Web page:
If you consume excess calories, your body stores them in the form of fat, specifically something called white adipose tissue. But lately you may have been hearing about another kind of body fat, called brown fat (or brown adipose tissue), which is more metabolically active than white fat.
Typically found in small patches in the neck area and along the spine and upper back, brown fat contains a high concentration of energy-producing mitochondria.
Rather than storing calories, it assists in calorie burning. Another type of brown fat, referred to as beige fat, is found marbled among white fat cells. This beige fat seems to have the ability to switch between energy storage and energy burning.
Research into brown fat has accelerated in recent years as scientists look for better ways to treat obesity. The hope is that stimulating brown fat—perhaps through drugs or environmental or nutritional changes—will increase calorie burning. But there are still many unknowns.
The body uses brown fat as a way to produce heat under cold conditions without shivering (shivering is another mechanism that burns calories). Not surprisingly, infants, who can’t shiver, have a lot of brown fat, which helps them maintain normal body temperature. It was thought that this fat vanishes with age, but recent studies have shown that, though it does diminish over time (especially in obese people, unfortunately for them), adults do retain varying amounts of brown fat, which can be activated to different degrees.
If brown fat does play a significant role in energy expenditure, it may help explain some of the differences in people’s tendencies to gain weight (or not), even if they eat and exercise the same amount and are the same height and weight.
Studies in animals, as well as a few in people, have linked increased brown fat to reduced obesity. Still, other factors—notably overeating, lack of exercise, and genetics—play far greater roles in obesity.
Can you boost your brown fat?
As hypothesized in a 2011 paper in Obesity Reviews, the rise in indoor home temperatures in developed countries, thanks to central heating, along with increased time spent indoors and in heated cars, may be contributing to the rise in obesity by causing a loss of brown fat and reduced energy expenditure.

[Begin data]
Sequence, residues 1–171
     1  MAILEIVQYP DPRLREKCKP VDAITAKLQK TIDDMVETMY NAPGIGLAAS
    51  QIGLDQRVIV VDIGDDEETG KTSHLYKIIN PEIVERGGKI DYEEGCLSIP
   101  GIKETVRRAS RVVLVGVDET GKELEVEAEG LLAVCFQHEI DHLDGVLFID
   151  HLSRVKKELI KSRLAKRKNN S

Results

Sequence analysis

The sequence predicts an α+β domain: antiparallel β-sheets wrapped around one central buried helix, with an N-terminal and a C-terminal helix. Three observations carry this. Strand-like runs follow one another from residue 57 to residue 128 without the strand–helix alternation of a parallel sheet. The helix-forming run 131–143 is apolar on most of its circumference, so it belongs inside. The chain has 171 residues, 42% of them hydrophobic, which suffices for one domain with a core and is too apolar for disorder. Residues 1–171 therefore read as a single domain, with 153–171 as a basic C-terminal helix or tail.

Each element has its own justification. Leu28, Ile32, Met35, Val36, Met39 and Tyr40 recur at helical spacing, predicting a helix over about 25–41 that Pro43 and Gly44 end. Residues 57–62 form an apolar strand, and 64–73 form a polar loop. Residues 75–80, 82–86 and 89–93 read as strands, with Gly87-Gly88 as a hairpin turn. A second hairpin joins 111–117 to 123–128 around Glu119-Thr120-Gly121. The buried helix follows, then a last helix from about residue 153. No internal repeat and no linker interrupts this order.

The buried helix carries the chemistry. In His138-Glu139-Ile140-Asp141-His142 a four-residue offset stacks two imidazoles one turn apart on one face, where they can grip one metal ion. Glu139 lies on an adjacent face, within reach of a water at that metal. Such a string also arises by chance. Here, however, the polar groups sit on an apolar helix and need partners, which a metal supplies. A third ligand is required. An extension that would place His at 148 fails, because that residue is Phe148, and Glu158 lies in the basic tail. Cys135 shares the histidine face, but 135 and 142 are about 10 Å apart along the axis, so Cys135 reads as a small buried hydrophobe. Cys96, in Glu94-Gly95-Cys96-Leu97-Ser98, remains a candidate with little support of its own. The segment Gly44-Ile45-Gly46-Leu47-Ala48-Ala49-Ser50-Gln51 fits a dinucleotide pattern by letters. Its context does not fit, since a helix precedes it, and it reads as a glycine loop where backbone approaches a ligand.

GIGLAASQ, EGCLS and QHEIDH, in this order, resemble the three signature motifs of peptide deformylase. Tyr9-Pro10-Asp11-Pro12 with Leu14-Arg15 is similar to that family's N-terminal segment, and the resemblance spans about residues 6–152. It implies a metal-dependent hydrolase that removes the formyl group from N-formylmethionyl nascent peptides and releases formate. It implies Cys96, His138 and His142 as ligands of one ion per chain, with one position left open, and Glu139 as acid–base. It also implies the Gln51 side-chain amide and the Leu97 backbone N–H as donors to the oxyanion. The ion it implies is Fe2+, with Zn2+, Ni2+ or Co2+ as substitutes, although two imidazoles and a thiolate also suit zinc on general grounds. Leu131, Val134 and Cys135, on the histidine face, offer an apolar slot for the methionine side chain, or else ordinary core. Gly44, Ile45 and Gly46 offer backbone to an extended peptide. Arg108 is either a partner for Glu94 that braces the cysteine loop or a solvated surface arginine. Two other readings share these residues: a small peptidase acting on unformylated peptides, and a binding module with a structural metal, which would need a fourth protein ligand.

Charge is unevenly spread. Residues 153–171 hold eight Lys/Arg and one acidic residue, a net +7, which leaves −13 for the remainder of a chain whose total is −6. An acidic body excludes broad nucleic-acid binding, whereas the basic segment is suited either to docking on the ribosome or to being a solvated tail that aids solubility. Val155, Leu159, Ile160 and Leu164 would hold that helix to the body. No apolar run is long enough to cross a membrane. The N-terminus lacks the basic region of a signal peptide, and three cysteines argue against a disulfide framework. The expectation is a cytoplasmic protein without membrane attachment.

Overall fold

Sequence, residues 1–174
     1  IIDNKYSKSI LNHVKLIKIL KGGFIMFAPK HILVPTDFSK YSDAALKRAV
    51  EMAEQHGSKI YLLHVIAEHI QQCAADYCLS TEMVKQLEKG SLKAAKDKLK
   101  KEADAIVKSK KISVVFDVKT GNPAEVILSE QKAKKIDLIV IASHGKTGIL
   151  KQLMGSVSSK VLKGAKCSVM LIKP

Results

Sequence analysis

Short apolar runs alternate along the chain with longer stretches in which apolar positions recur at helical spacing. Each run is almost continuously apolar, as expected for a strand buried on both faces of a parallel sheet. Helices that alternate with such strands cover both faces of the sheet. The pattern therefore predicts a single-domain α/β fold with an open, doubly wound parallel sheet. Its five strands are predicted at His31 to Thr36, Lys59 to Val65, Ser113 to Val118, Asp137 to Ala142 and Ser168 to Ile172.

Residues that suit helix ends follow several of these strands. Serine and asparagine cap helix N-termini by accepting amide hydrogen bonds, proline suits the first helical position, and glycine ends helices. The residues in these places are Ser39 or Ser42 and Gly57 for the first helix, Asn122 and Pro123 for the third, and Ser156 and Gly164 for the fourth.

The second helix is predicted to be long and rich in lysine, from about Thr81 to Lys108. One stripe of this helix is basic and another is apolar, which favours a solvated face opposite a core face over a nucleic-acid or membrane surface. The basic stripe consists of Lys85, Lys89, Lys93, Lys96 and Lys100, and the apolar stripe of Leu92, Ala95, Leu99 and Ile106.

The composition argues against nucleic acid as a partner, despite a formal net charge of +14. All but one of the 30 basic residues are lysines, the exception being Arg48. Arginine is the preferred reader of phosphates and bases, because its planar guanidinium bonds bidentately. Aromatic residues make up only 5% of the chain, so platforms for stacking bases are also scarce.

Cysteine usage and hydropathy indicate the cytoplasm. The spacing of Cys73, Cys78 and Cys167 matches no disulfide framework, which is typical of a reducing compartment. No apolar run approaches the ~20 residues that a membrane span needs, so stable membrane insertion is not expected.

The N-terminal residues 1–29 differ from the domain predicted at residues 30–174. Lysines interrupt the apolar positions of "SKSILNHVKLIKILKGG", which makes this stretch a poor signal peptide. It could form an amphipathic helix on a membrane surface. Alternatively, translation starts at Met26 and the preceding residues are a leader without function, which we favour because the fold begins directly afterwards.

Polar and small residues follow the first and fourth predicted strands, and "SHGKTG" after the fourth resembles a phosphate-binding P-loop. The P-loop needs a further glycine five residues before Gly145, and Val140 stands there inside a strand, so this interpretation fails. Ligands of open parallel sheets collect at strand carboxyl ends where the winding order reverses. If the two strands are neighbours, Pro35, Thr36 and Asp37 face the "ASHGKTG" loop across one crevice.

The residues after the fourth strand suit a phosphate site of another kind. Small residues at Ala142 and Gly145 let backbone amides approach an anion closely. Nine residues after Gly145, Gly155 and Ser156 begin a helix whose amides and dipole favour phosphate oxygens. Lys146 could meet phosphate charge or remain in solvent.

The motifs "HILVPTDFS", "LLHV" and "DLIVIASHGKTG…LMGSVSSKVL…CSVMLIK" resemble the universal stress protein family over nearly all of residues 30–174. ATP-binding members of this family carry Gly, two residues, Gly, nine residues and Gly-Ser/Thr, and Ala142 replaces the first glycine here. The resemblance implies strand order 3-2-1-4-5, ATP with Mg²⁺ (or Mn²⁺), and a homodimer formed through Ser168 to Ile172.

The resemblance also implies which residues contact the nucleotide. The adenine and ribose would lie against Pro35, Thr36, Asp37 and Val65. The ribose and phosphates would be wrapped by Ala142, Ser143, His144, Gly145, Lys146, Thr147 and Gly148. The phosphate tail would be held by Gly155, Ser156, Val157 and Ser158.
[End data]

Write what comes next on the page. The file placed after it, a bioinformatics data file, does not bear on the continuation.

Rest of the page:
Though biologically plausible, this is just an association and doesn’t prove that central heating causes obesity or that sitting in a cold house will make you lose weight. You’d likely compensate by wearing more clothing.
On the other hand, emerging research backs the idea that exposure to cold stimulates brown fat in some people. For example, a small Japanese study in Obesity in 2011 found that about half of men who sat for two hours in a cool chamber (66°F) in underwear and T-shirts, with their legs on an ice block, showed an increase in brown fat activity.
They also burned 28 percent more calories, equivalent to about 400 calories a day, which was not attributable to shivering. In comparison, men who did not show increased brown fat activity when cold burned only 40 extra calories. No effects were seen at warmer temperatures.
Bottom line: The research on brown fat is intriguing. But whether turning down your thermostat when it’s cold outside will have a significant and lasting effect on body weight has yet to be demonstrated (it will save on energy, though). No dietary supplements are proven to increase brown fat, either. Perhaps one day, drugs will be developed that stimulate it. Until then, however, your best bet for revving up your metabolism and burning more calories is to include some old-fashioned, high-intensity exercise in your workouts.